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    In 2005-06, Frank Lampard scored 20 goals for Chelsea in all competitions. He's going to be a long way short of that this term and there doesn't yet appear to be another midfielder who will hit such an impressive mark.

    That's not to suggest Chelsea's current crop of midfield stars lack talent, but the contribution of Lampard's goals over the course of a season were worth so much to Chelsea, easing the burden on the strikers.

    In fact, his goals were directly responsible for seven points in 2005-06, not to mention the countless games in which he helped them rack up victories, scoring the opener or helping ensure there was no way back for the opposition.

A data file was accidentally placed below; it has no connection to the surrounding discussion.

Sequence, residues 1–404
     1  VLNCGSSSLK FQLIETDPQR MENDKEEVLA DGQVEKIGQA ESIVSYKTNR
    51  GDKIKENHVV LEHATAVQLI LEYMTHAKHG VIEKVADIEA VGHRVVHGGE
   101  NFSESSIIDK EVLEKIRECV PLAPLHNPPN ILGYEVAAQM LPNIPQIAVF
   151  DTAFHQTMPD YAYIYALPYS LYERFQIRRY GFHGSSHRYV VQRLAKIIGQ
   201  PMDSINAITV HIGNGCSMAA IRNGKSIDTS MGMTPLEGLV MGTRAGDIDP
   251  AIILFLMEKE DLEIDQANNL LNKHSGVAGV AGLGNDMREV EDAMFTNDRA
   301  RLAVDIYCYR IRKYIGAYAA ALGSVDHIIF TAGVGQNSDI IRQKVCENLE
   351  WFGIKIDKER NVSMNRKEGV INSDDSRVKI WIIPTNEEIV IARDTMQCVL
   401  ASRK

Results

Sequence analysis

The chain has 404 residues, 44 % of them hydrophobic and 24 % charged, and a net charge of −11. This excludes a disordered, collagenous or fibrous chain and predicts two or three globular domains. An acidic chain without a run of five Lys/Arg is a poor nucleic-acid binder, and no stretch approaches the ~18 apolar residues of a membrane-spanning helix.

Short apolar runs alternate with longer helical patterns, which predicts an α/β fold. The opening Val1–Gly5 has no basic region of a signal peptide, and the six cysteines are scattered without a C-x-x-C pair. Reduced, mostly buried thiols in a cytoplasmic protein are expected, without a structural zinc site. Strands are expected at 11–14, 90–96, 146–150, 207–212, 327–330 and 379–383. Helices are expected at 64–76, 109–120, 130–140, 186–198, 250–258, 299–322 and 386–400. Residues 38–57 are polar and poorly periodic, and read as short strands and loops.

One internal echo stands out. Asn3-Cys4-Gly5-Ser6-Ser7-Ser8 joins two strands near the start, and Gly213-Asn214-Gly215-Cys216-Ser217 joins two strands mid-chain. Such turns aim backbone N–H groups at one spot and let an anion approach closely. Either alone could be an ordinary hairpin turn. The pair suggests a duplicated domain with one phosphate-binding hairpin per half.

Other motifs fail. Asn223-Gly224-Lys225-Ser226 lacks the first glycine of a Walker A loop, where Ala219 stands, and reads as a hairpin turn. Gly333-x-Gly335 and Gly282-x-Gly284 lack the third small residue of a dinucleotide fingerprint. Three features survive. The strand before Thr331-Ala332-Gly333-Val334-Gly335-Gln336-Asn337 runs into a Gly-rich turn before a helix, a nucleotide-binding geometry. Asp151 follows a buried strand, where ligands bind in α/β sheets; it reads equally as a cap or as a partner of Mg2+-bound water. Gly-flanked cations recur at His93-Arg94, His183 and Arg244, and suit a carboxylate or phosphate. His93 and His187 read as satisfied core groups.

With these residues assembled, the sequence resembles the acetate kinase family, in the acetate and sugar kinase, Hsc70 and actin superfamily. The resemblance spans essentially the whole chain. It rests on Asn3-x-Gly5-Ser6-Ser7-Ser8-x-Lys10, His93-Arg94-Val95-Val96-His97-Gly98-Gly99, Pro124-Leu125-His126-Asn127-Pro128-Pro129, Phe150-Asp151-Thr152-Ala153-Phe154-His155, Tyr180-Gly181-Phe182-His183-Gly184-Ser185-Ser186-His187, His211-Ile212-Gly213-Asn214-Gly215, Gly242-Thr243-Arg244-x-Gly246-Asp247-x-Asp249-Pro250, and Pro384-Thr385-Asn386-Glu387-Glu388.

In Eden Hazard, Oscar, Juan Mata and Andre Schurrle, Chelsea's midfielders are not looking as prolific—although it must be said Hazard and Oscar's four league goals each this year is an encouraging sign of what may come in the near future.

    Outside of that, Jose Mourinho had Claude Makelele to marshal his midfield whenever Lampard was poaching goals further forward. Right now, the Blues do not have a defensive midfielder anywhere near the class Makelele demonstrated and, as a result, are not able to control games the way they once did.

    On the wings, Arjen Robben and Damien Duff were a massive threat in 2005-06 and terrorised most defences they faced on a weekly basis, with Joe Cole also another impressive attacking option.